Originally Posted by KGBRadioMoskow
In this age of DVR, 'time to inspect' is no longer an issue. You can play, replay, and pause to your hearts content. No speculation needed.
And given the number of people shown both inside the compound and outside it, there looked to be plenty of mouths to feed. And experienced butcher(s) (or many rural farmers, for that matter) can process a fair number of corpses fairly quick. Add in basic meat preservation techniques, and even the quibble requiring a ravenous appetite goes away.
In fact, it makes more sense to slaughter and process as quickly as you can - when getting maximum caloric input is a necessity, feeding an animal to make food is an incredibly wasteful choice. Wasting food on them just to keep them "fresh" until you're ready to eat them is a luxury that cannot be afforded - instead you kill them fairly quick (with some cautionary quarantine time) and process/eat what you can in the moment.
Now there is one part of the scene, IMO, that does fail the inspection assumption. In my experience when a rib cage of an animal is processed for meat, the ribs are not left as an intact group and all still attached to vertebrae. What would be discarded in a refuse pile would thus just be loose bones. But then chalk that up to showbiz decision making, not realism - such a scene wouldn't have had the same unambiguous impact.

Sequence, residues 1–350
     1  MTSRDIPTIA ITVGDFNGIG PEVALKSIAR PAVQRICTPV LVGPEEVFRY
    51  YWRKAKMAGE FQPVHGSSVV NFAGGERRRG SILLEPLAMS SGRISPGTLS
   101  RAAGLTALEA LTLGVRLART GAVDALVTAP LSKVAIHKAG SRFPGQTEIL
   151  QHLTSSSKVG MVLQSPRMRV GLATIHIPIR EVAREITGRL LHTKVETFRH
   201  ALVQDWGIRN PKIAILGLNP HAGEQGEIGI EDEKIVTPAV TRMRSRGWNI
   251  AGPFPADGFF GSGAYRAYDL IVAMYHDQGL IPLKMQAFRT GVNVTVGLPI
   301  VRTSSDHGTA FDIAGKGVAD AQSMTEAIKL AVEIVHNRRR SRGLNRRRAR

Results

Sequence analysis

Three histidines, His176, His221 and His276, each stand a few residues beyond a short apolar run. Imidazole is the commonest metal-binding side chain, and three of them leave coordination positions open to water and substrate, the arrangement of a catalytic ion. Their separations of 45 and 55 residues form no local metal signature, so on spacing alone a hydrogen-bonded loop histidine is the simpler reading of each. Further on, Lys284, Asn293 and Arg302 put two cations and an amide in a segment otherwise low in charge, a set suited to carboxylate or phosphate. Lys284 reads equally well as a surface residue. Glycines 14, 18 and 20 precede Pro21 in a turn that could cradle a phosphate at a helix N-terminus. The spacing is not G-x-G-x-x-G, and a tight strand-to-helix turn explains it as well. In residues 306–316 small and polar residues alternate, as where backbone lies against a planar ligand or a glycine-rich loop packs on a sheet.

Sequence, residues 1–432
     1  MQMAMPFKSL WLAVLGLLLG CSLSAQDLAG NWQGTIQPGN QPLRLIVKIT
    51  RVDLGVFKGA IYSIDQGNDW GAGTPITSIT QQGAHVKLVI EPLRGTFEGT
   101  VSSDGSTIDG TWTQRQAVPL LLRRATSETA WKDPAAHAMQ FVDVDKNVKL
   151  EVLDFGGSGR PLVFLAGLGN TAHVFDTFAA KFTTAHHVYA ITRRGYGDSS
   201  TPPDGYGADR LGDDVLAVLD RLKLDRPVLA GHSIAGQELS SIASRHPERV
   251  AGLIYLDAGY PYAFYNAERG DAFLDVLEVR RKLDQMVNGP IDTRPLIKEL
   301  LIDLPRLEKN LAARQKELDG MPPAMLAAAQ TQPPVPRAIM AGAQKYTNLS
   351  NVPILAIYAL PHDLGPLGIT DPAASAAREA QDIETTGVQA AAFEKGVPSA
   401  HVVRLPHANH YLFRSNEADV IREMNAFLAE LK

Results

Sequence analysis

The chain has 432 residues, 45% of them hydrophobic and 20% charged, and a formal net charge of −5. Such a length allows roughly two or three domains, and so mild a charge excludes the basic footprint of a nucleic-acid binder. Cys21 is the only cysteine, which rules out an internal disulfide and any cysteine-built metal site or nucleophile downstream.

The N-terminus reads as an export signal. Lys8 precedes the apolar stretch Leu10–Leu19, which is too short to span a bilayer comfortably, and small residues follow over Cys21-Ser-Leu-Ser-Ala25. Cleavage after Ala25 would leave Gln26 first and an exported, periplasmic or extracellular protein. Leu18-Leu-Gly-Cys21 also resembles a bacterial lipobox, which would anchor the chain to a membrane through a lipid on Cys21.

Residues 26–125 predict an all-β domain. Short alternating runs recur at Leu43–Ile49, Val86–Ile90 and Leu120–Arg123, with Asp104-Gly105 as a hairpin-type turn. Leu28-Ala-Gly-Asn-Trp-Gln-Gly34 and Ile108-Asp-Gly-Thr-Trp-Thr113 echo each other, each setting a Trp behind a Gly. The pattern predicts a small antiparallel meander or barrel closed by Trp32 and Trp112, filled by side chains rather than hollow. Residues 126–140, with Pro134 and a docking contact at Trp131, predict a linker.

An experienced butcher in this day in age is still largely dependent upon electricity, and there's seemingly not much of that going around. The refrigeration alone... Or a simpler explanation is that they could be feeding the zombies that are conspicuously absent from the perimeter. They probably have them all in a subbasement.
The thing to me that makes this whole enterprise unrealistic is that you could convince more than a handful of people that eating people is okay in an environment where food can be grown, game can be hunted, and there are still houses left to be scavenged from. I don't buy it.